In search of a strategy
The country's political forces have been trying to distance themselves from last Friday's protests, looking for other ways to influence the country's future direction, reports Mohamed Abdel-Baky
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Youth movements and secular political forces are yet to play a clearer role in shaping Egypt's future
As Egypt's transition to democracy in the wake of the country's 25 January Revolution seems to be entering an impasse, the country's youth movements and other secular forces are looking for a clearer role to play in order to have a seat in shaping the new political system.
However, last Friday's protests, which degenerated into violence, came as a sign to some observers that such political forces have little effective influence over the Egyptian public and that they are concentrating their efforts instead on trying to find ways to increase their influence with the ruling Supreme Council of the Armed Forces (SCAF) and the Islamists.
Since March, there has been almost no direct contact between the SCAF and the youth movements behind the protests organised over the past six months across Egypt, with the youth movements suspending dialogue with the SCAF after military police evacuated Cairo's Tahrir Square by force on 9 March.
Tensions then grew between the two sides, with the military accusing some of the youth movements of encouraging foreign interference in Egypt's internal affairs and the youth movements calling for the SCAF to step aside.
After last Friday's protests and the raid on the Israel embassy in Cairo, the country's political forces started to accuse each other of being responsible for the instability in the country.
"It is Gamal Mubarak and Habib El-Adli who were behind last Friday's riots," said Mohamed Adel, a spokesperson for the 6 April Movement of youth activists, referring to the son of ousted former president Hosni Mubarak and the former minister of interior.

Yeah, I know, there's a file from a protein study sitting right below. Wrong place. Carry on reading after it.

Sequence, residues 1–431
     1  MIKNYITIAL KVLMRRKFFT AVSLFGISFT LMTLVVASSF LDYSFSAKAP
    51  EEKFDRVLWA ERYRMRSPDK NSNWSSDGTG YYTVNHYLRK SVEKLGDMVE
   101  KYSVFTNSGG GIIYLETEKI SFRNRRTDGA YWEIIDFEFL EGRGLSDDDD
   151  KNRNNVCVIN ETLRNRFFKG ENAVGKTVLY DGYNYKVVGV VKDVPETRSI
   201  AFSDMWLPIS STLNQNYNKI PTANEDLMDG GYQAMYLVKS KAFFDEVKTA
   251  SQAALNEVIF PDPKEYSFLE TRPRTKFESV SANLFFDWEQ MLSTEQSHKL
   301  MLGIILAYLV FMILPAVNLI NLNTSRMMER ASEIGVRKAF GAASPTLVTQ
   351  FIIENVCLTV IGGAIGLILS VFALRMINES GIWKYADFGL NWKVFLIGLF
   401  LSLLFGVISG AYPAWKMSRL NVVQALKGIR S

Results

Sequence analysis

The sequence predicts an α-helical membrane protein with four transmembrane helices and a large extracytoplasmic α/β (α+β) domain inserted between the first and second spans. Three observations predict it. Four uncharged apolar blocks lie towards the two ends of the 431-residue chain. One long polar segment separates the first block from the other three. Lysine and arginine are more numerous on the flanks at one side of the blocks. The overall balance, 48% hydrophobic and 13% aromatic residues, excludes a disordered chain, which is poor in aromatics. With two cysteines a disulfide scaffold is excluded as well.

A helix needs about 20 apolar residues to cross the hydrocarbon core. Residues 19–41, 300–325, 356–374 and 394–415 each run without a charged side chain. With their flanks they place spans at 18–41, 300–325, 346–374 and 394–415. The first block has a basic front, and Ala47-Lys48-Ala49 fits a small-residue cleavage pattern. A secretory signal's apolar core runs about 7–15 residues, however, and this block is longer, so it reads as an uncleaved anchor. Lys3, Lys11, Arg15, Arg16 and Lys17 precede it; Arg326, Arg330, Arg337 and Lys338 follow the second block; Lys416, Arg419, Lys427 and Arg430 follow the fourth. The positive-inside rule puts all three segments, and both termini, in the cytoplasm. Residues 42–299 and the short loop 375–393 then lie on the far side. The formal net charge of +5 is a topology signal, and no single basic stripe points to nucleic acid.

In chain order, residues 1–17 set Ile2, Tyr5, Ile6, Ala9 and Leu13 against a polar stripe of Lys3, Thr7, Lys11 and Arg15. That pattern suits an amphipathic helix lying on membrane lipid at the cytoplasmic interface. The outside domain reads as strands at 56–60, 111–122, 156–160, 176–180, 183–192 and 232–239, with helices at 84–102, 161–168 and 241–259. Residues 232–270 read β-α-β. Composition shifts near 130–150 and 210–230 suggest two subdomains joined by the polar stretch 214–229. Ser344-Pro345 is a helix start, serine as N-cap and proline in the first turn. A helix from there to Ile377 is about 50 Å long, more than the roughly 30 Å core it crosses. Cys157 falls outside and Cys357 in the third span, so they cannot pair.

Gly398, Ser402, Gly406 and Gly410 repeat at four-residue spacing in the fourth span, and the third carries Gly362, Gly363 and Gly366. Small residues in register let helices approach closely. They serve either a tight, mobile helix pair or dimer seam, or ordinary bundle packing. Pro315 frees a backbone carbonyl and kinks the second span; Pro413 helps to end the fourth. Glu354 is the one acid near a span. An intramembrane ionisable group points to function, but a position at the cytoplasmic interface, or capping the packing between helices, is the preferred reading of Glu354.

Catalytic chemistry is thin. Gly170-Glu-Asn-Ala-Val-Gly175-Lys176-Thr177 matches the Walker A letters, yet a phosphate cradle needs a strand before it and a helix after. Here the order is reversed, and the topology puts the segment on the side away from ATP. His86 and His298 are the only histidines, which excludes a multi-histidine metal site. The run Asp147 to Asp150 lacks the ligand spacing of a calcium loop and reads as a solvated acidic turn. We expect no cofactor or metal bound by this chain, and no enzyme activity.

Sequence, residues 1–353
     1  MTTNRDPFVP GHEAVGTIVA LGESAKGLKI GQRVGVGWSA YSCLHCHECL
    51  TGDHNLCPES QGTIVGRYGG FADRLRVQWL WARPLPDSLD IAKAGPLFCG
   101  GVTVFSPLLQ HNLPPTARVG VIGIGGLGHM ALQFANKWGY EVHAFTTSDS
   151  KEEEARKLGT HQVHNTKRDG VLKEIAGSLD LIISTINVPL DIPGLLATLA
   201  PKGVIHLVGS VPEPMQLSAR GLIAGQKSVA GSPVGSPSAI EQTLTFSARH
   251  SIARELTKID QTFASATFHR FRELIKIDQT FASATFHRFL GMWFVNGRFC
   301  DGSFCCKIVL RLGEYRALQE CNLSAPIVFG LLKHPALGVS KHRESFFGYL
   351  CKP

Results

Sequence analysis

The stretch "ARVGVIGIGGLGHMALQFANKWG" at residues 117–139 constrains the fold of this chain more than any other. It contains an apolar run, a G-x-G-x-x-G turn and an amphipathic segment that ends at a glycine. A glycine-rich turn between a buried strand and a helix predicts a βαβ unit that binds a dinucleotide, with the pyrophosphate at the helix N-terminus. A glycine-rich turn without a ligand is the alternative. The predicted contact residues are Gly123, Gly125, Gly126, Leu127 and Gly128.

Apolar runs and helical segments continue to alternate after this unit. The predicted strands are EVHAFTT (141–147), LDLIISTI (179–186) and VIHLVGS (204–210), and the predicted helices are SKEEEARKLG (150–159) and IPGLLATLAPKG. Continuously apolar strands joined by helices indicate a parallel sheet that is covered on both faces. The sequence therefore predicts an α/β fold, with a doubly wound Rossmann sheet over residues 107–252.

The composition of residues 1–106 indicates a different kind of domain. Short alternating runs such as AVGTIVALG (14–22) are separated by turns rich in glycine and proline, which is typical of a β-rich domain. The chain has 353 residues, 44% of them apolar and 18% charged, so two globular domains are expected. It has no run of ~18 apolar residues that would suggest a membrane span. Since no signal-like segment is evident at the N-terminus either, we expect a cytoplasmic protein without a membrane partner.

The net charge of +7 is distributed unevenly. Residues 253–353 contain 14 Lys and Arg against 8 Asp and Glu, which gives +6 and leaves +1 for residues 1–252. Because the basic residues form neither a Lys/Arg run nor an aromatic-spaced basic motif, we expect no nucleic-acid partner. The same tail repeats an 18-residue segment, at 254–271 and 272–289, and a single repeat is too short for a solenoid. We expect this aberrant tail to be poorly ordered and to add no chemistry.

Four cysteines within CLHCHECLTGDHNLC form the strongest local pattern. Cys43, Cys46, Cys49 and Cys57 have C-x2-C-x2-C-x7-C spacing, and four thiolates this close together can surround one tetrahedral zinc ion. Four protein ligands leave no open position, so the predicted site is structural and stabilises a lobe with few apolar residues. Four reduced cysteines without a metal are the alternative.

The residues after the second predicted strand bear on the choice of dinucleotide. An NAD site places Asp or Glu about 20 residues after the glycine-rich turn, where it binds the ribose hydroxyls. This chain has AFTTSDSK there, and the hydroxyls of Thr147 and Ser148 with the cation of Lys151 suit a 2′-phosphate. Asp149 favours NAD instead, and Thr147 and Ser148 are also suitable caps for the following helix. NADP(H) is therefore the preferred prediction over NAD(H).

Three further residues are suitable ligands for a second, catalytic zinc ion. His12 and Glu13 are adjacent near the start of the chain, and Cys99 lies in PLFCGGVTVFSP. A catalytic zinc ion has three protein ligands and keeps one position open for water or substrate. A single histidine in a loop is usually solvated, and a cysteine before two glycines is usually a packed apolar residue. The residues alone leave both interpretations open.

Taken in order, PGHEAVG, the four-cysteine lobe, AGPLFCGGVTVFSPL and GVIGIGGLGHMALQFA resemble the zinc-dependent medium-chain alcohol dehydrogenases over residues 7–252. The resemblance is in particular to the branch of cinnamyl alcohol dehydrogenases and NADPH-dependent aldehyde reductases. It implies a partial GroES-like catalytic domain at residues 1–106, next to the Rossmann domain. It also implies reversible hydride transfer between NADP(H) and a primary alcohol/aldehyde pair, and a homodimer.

"The 6 April Movement did not take part in the Israeli embassy protests, and it only called for protests in Tahrir Square," Adel said, adding that 6 April activists had watched as groups of thugs set fire to police cars in Giza during the protests in front of the Israeli embassy.
However, the Islamists and older political parties like the Wafd and the Tagammu blame the youth movements for giving opportunities for thugs and those associated with the former regime to ignite tensions between the military and the Egyptian people by "calling for protests for no reason".
"The 6 April Movement and other secular forces have been protesting in order to try to take power without the need for elections, their main goal being to exclude the Islamists," said Assem Abdel-Maged, a spokesperson for the Al-Gamaa Al-Islamiya group.
Abdel-Maged claimed that the secular forces were afraid of standing for elections, since they were worried that the Muslim Brotherhood would win the majority of seats.
Meanwhile, other youth movements have accused the military of using the threat of riots and instability to increase restrictions on activists by reinforcing the country's existing emergency laws.
"What happened at the Israeli embassy was part of a premeditated plan to justify the announcement of a state of emergency and postpone the transition of power," said Amr Hamed, a member of the Youth Revolutionary Coalition.
Observers believe that the youth movements' lack of a clear strategy or tools apart from mass protests has led them, together with the secular forces, to be perceived as an elitist group that has little connection with the wider public and has only a limited role to play in finding a way out of the present deadlock.
"Any group calling for mass protests must bear responsibility for what happens next. What took place around the Ministry of Interior last Friday was a disaster, and everyone is responsible," wrote advisor to the prime minister Moataz Abdel-Fattah in the Al-Shorouk newspaper.
Abdel-Fattah added that the forces that had called for the mass rallies last Friday were themselves disorganised and that they could bring chaos to the country.
Political commentator Amr Hamzawy said that the youth movements and other political forces should carefully consider any calls to take to the streets to protest in the light of last week's events.
These had fuelled anger at the apparent indiscipline of the revolution, Hamzawy said. "It is time that all the political parties and movements start looking for other tools apart from protesting in order to push the government to respond to the Revolution's goals. It is wrong to think that this can be achieved simply by taking to the streets."
The Youth Revolutionary Coalition has recently adopted a strategy that may bring it closer to public opinion by announcing that it will be fielding candidates in the forthcoming parliamentary elections, possibly scheduled for the end of November.
Sources at the coalition told the Weekly that it would field at least 150 candidates in different governorates. Most of these would be on secular party tickets, like those of the Egyptian Social Democratic or Misr Al-Hurriya parties.